This study provides an overview on the effects of nitrogen deprivation in Chlorella sp. Removal of nitrate in the growth media decreased growth rate, photosynthetic activity and changed biochemical profiles in the cells. A trend of desaturation in fatty acid profile was observed with the reduction of MUFA and PUFA and increment in SFA level, especially C16:0 and C18:0. General remodelling of metabolism began as early as 24 h after nitrogen deprivation. The metabolic profile study reveal that the annotated metabolites belong to the following general pathway classes: purine metabolism, carotenoid biosynthesis, nicotinate and nicotinamide metabolism and amino acid metabolism. Taken together, findings of this study suggest that key processes involved are reshuffling of nitrogen from proteins and photosynthetic machinery, coupled with carbon repartitioning between carbohydrate and lipid molecules. It is hypothesised that Chlorella sp. redirect their photosynthetically fixed carbon toward lipids, while synchronously channelling their limiting nitrogen resources toward the nitrogen assimilation machinery (Levitan et al., 2015). For further studies, targeted metabolomics, combination of systems biology, bioinformatics and multiple gene targeting might be applied to reconstruct the key regulatory biomarkers in the response. This would provide more potential targets for metabolic engineering to improve biofuel production and productivity in Chlorella sp.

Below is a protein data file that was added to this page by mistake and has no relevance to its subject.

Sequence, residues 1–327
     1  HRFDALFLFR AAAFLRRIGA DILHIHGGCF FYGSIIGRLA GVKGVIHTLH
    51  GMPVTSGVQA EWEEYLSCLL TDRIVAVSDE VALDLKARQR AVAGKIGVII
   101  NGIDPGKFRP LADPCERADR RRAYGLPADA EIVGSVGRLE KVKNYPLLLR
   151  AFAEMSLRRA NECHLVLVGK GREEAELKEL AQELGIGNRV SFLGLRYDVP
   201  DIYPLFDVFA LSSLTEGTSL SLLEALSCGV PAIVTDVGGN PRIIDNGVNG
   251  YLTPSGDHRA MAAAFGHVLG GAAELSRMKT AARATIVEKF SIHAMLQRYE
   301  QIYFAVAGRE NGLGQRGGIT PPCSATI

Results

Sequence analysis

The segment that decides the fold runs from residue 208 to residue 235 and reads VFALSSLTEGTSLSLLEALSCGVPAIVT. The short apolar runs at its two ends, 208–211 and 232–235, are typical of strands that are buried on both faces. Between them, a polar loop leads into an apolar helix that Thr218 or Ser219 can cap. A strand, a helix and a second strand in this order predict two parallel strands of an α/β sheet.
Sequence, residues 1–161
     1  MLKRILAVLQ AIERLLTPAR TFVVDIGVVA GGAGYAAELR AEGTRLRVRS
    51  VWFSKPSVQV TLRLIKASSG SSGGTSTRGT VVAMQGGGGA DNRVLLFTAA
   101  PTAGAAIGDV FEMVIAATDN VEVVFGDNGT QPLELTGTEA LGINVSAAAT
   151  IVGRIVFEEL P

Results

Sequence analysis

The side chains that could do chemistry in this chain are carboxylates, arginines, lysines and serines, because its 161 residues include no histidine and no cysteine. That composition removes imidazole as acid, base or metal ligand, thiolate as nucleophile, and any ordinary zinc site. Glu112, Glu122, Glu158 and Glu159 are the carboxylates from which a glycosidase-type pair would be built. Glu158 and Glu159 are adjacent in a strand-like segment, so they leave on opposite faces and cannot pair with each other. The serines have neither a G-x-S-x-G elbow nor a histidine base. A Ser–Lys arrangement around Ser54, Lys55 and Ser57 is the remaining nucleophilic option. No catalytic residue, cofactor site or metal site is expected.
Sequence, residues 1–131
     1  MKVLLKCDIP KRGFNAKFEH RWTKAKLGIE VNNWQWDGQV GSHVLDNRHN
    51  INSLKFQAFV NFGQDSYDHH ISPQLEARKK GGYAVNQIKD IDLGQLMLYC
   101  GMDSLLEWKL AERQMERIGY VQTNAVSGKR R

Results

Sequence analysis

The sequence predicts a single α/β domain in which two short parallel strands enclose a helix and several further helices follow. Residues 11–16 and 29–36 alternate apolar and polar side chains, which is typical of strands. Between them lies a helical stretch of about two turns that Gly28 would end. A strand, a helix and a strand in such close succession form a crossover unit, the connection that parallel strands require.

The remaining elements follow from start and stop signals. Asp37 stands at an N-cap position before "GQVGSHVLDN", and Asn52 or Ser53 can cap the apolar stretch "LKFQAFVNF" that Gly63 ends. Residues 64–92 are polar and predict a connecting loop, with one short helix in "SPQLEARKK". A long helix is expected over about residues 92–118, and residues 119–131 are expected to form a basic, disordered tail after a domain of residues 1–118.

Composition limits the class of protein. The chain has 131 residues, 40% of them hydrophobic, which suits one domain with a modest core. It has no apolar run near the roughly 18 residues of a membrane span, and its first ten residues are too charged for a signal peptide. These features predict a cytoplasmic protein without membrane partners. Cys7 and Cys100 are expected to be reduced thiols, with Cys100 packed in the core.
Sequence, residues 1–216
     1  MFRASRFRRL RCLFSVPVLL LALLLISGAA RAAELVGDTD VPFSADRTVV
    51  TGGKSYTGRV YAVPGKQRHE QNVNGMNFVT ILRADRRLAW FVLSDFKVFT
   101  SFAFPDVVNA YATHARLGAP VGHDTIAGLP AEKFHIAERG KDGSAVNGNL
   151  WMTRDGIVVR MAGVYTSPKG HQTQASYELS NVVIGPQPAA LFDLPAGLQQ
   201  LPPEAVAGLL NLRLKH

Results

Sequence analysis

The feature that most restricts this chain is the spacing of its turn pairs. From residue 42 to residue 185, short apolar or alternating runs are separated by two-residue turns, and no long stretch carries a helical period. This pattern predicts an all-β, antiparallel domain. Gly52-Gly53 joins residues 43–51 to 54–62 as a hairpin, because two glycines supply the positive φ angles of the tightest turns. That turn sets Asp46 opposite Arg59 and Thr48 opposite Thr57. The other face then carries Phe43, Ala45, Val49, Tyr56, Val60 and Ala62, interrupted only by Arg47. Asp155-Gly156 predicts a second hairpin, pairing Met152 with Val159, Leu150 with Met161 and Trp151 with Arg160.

We thank Assoc. Prof. Sanjay Swarup, Dr. Peter Benke and Dr. Shivshankar Umashankar at the Environmental Research Institute, National University of Singapore for their assistance in data analysis.